Code-Splitting in React


Code-splitting is a technique that divides a large codebase into smaller chunks, which are then loaded on demand at runtime. This can boost the performance of a React application by reducing the amount of code that the browser must download and parse when the application first loads.

There are several approaches to implementing code splitting in a React application:

Using the import()

The import() function can be used to import a module at runtime dynamically. This will split the module into separate chunks that can be loaded as needed.



import { add } from './math';

console.log(add(16, 26));


import("./math").then(math => {
  console.log(math.add(16, 26));

Using the React.lazy

You can use React.lazy function to render a dynamic import as a regular component. This makes code splitting in React components simple.


import React, { Suspense, lazy } from 'react';

const SomeComponent = lazy(() => import('./SomeComponent'));

function MyComponent() {
  return (
    <Suspense fallback={<div>Loading...</div>}>
      <SomeComponent />

This example uses the import() function to dynamically import the SomeComponent component at runtime. The SomeComponent module will be split into a separate chunk, which will be loaded when the component is rendered. While the chunk is being loaded, the Suspense component displays a loading indicator.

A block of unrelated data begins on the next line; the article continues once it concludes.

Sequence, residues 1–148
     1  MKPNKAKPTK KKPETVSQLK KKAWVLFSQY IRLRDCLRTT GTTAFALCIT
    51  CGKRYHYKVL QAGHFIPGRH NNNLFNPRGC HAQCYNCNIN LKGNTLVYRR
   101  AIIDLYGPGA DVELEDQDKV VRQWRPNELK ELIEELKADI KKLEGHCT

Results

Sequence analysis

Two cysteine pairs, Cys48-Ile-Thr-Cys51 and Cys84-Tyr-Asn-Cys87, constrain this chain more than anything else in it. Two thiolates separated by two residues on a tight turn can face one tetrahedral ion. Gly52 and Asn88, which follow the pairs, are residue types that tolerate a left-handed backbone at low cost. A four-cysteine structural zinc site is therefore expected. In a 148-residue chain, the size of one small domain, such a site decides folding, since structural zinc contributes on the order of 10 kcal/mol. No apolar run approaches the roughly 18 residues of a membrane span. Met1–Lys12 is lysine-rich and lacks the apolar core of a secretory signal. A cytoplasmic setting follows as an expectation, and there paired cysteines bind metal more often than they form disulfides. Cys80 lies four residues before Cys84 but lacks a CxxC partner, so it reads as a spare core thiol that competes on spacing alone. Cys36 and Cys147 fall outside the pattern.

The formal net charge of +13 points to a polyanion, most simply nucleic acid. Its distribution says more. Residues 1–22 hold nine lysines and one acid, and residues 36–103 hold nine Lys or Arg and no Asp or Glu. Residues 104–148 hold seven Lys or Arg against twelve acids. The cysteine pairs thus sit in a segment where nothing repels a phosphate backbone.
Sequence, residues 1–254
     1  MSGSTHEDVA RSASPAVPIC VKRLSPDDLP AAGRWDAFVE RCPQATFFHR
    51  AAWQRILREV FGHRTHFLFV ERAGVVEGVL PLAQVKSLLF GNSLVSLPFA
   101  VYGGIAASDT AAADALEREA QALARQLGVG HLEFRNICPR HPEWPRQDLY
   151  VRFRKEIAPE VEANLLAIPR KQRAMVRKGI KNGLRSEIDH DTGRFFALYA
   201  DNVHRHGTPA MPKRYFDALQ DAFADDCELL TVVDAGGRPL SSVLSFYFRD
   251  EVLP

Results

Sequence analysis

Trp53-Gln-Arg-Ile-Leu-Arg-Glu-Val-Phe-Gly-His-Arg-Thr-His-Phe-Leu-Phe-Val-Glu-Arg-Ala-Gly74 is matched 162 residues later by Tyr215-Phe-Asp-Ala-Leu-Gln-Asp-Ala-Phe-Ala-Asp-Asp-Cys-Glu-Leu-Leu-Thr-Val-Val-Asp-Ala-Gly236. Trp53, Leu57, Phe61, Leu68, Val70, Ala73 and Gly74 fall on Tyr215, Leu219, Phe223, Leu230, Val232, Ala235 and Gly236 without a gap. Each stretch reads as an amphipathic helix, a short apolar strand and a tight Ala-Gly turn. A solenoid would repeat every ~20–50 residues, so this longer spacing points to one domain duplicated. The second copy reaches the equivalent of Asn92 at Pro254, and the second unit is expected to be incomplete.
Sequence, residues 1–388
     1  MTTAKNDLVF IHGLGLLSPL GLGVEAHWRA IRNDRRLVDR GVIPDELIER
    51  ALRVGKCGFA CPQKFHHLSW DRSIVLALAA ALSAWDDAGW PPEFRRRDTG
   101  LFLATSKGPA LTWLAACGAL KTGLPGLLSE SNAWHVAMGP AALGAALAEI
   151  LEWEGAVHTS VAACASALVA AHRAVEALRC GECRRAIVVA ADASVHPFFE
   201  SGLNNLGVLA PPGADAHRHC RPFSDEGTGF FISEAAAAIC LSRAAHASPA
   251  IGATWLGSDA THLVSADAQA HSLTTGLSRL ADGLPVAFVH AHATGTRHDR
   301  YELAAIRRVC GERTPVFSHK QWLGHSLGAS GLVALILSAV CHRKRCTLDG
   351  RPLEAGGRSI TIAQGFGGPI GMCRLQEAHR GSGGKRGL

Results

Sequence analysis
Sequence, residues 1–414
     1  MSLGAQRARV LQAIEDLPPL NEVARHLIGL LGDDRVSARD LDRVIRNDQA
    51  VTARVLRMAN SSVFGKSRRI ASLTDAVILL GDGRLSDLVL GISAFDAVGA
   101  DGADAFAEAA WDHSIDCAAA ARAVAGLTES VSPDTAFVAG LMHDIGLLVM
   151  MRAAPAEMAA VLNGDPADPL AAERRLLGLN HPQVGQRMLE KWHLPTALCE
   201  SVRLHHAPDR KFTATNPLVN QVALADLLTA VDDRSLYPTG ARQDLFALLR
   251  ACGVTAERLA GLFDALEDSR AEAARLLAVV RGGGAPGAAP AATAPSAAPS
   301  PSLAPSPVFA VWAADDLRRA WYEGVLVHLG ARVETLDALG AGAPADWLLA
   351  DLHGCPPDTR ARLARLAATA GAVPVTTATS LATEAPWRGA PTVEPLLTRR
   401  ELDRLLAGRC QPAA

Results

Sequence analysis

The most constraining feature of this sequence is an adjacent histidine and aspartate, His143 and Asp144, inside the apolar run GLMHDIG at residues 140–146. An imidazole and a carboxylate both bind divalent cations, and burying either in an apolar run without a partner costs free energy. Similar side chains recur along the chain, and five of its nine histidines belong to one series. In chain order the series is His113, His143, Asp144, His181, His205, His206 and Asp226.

Using a code-splitting library

Several libraries, such as loadable-components and react-loadable, can assist you in implementing code splitting in your React application. These libraries offer a higher-level interface for implementing code splitting and frequently include features like automatic loading indicators and error handling.


import Loadable from 'react-loadable';

const SomeComponent = Loadable({
  loader: () => import('./SomeComponent'),
  loading: () => <div>Loading...</div>,

function MyComponent() {
  return <SomeComponent />;

This example is similar to the previous one, but instead of loadable-components, it employs the react-loadable library. For implementing code splitting in a React application, both libraries provide a similar interface.


Code splitting can help your React application perform better by reducing the initial load time and increasing the time-to-interactive for your users. It’s especially useful for large applications with many components, or for applications with infrequently used features that don’t need to be loaded immediately.

I hope these examples show you how to use a library to implement code splitting in your React app. Please let me know if you have any further questions!

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